While Intel processors currently hold the dominant position in the ultra-mobile device space, market research firm ABI is predicting that ARM-based devices will start outselling Intel-based systems by 2013, driven in large part by user demand for a "always connected" experience. In addition, ARM-based chips are showing up in more form factors, such as tablets, according to ABI.
In 2009, about 90 percent of the netbooks, smartbooks and other
ultra-mobile devices were powered by x86 processors, particularly from
However, analyst firm ABI Research is predicting that percentage
will change dramatically over the next few years, with systems based on
ARM chip designs outselling their x86-based counterparts by 2013.
In report released Jan. 21, ABI analyst Jeff Orr said that "2010
will be pivotal for building momentum behind non-x86 solutions, gaining
adoption in both distribution channels and by en-user populations
In 2010, ABI is projecting about a 75-25 split, with Intel leading.
However, the changeover in leadership will begin in 2013, and the ratio
by 2014 will be about 60-40 in favor of ARM-based devices.
With the netbook market entering its second generation and other
ultra-mobile devices seeing an increase in sales, users are looking for
looking for a more "always connected" experience, for which ARM-based
products have a reputation.
In addition, Orr said, ARM-based products are coming being used in a growing variety of devices, such as tablets.
ARM officials are pushing their designs into new areas. ARM-based
products already are the dominant processor technology in such devices
as smartphones, a position being challenged by Intel and its Atom
chips. Intel is developing a 32-nanometer version of Atom that will
officials say will offer better leakage control than current versions
that and will offer capabilities found in ARM-based products.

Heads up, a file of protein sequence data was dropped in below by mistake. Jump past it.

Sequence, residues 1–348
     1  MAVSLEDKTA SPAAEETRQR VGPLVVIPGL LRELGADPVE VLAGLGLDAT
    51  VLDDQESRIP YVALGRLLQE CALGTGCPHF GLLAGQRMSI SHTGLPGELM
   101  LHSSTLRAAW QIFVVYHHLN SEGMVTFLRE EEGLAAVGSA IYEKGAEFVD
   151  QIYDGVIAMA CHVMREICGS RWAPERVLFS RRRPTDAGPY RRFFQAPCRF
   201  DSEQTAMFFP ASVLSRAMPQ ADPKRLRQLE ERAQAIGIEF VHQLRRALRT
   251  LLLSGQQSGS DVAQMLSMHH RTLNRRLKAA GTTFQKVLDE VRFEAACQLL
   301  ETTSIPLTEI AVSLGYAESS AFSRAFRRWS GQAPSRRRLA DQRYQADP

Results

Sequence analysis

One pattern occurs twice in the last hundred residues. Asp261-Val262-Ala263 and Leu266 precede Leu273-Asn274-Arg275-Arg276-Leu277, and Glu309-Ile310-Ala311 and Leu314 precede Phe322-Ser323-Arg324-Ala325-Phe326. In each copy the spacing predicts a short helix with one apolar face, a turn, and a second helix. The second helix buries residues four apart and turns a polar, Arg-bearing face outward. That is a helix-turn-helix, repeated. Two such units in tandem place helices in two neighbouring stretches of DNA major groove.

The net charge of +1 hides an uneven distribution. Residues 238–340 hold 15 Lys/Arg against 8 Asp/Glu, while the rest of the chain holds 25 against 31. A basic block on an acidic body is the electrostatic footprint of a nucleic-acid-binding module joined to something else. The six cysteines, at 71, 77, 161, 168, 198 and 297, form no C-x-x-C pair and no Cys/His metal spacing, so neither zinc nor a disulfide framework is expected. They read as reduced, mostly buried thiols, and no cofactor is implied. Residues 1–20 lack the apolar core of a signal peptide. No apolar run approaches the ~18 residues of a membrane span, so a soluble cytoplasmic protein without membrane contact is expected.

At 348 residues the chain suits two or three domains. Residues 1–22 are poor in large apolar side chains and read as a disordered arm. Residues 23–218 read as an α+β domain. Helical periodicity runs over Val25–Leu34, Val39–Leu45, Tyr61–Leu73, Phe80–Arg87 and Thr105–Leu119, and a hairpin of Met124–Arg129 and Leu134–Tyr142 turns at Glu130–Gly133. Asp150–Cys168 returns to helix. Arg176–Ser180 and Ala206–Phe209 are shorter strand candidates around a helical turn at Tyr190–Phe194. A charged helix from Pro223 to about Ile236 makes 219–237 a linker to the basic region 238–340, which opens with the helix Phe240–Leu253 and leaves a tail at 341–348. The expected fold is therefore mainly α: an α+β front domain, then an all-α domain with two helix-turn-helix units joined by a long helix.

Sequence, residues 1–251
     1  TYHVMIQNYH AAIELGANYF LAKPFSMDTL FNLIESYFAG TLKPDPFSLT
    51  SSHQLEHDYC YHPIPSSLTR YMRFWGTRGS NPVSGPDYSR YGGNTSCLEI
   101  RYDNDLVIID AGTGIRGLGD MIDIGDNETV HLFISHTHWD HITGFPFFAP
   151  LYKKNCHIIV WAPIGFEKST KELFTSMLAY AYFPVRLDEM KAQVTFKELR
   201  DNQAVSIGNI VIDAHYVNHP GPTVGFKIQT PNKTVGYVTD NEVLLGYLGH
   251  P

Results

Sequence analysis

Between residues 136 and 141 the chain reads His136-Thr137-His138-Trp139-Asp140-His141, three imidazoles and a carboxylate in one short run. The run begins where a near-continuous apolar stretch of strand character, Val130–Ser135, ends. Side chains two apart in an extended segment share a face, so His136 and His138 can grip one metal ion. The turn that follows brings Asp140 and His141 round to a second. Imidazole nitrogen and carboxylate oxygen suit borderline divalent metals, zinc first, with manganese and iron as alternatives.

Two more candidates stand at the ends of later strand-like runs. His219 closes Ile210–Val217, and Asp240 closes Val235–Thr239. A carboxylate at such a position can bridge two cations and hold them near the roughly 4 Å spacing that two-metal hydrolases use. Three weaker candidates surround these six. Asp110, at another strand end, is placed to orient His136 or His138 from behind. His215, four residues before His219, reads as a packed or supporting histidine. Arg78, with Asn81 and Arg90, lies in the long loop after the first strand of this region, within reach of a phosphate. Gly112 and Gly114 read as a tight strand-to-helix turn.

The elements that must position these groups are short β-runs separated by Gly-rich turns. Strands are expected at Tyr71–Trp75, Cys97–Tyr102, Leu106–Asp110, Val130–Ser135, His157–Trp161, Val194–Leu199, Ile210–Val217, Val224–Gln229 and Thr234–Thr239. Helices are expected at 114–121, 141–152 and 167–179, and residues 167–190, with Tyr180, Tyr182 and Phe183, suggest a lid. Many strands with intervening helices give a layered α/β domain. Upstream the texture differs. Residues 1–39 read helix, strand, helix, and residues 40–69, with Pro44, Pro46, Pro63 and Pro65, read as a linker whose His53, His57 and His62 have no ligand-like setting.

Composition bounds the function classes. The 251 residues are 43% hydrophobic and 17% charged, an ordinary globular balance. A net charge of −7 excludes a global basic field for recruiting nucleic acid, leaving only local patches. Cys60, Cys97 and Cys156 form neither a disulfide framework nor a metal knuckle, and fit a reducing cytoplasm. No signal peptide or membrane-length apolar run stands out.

Intel also is establishing an Atom developer program
to further expand the reach of the technology.
In October 2009, ARM officials unveiled their Cortex-A5 MPCore processor
which will be cheaper, faster and more energy efficient than its
predecessors and will be aimed at a range of Internet-enabled devices,
including netbooks and embedded consumer and industrial systems, as
well as smartphones.
ABI's Orr also said another growing trend toward ARM dominance
revolves around the rising demand for sufficient network capacity and
the difficulty some mobile operators have in meeting that demand. While
many see users of such devices as Apple's iPhone as the major source of
the demand, Orr disagreed, calling that idea a "distraction."
"In general, laptops and netbooks with embedded or attached modems
contribute a significantly greater amount of traffic to 3G networks
than smartphones do," he said.
The question of whether ARM-based products will overtake x86-based
devices has been up for debate for about a year. In March 2009, Robert
Castellano, an analyst with The Information Network, said that netbooks
powered by ARM's Cortex-A9 and running Linux will overtake x86-based
ultra-mobile systems by 2012.
However, IDC analysts said around the same time that non-x86-based
systems wouldn't gain more than 10 to 20 percent of the market, with
one analyst saying that systems makers would be wary of angering Intel
by using too many products from another company.